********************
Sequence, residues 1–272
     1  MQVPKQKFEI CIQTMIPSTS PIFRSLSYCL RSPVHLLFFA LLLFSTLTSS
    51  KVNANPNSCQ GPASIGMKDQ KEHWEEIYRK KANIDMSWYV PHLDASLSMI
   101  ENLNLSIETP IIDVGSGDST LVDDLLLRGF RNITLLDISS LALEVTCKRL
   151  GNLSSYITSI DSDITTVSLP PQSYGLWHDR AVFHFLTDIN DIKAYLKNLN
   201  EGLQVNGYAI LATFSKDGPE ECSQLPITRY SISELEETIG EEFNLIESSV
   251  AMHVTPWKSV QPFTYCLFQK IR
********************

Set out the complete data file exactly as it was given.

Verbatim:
Sequence, residues 1–272
     1  MQVPKQKFEI CIQTMIPSTS PIFRSLSYCL RSPVHLLFFA LLLFSTLTSS
    51  KVNANPNSCQ GPASIGMKDQ KEHWEEIYRK KANIDMSWYV PHLDASLSMI
   101  ENLNLSIETP IIDVGSGDST LVDDLLLRGF RNITLLDISS LALEVTCKRL
   151  GNLSSYITSI DSDITTVSLP PQSYGLWHDR AVFHFLTDIN DIKAYLKNLN
   201  EGLQVNGYAI LATFSKDGPE ECSQLPITRY SISELEETIG EEFNLIESSV
   251  AMHVTPWKSV QPFTYCLFQK IR